Tenants in newly let homes saw the cost of renting fall year-on-year in February for the first time in six years, Countrywide’s letting index has revealed.
Across England, Scotland and Wales rents fell by 0.6% in the year to February driven by a considerable drop in Greater London (-4.7%) and a fall in the South East (-2.6%).
When taking London out of the equation rents were up by 0.8% year-on-year, with the strongest increase taking place in Wales (5.3%), the East of England (3.1%) and Midlands.
Johnny Morris, research director at Countrywide, said: “Rents are growing in most of the country but falls in London and the South East are dragging down the national growth rate.
“Recent falls in London and the South East are small in the context growth in recent years. Rents are a third higher in London and the South East than in 2007.
“Early signs point towards 2017 being a rare year where rents rise faster in the north of the country than in the south.
“While rents are likely to track any increase in earnings, affordability in London and the South East remains stretched. That is likely to limit rental growth.”
Research from Landbay also found that rents fell in London bringing rental growth to just 1% in the 12 months to February 2017 – its lowest level since April 2013.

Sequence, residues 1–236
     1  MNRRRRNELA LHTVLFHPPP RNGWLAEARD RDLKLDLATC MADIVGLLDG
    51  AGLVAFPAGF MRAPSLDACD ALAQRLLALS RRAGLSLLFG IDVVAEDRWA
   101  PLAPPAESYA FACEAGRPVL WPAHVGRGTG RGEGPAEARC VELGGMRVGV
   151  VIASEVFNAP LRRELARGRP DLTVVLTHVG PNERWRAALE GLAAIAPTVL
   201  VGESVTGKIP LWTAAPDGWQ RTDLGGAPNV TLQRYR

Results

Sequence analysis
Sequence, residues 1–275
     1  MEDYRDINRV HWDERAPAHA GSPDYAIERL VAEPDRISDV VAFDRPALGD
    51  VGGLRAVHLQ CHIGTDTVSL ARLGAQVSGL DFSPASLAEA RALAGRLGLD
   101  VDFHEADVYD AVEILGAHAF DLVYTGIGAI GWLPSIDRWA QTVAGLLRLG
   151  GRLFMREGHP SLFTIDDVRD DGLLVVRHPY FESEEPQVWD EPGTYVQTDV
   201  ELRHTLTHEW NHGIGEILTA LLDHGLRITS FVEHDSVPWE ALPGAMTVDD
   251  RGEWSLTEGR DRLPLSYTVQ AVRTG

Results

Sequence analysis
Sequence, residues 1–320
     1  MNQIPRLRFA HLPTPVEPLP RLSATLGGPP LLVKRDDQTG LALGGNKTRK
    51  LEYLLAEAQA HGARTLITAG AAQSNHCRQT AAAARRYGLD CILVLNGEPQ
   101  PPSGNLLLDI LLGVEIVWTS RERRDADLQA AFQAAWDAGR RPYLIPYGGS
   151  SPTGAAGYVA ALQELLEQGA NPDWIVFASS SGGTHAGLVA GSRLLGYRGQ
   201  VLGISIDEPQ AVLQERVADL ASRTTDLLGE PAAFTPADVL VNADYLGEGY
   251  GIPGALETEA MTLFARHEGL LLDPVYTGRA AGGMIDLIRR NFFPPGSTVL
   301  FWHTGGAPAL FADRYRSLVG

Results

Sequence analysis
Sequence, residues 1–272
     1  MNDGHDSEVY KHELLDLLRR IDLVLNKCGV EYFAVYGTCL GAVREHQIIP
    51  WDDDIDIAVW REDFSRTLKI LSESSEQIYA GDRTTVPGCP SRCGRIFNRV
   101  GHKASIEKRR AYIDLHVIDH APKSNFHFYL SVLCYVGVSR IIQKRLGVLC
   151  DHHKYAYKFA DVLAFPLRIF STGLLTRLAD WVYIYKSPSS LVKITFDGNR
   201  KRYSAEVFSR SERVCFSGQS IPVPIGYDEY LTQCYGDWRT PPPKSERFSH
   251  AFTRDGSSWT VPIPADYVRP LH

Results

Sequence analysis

However John Goodall, chief executive and founder of Landbay, reckoned this apparent reprieve for tenants was unlikely to continue.
He said: “Although this could give the impression that the market is beginning to turn a corner, this is a situation that is unlikely to change in the foreseeable future.
“Demand for rented accommodation will remain robust over the coming months and years and continue to stoke up rental values, as rising house prices, falling wages and rising inflation dampen the ability of aspiring homeowners to save for a property of their own.
“Whether tenants are renting as a stepping stone on the way to home ownership or, increasingly, renting for life, people rely on a well-served buy-to-let market to ensure rental growth doesn’t become unbearable.
“The Chancellor’s decision not to raise the stamp duty threshold in this month’s Budget was yet another blow for first-time buyers, so it’s important that we now see some clear follow through to the promises made in the housing white paper to ease at least some of the pressure on Generation Rent.”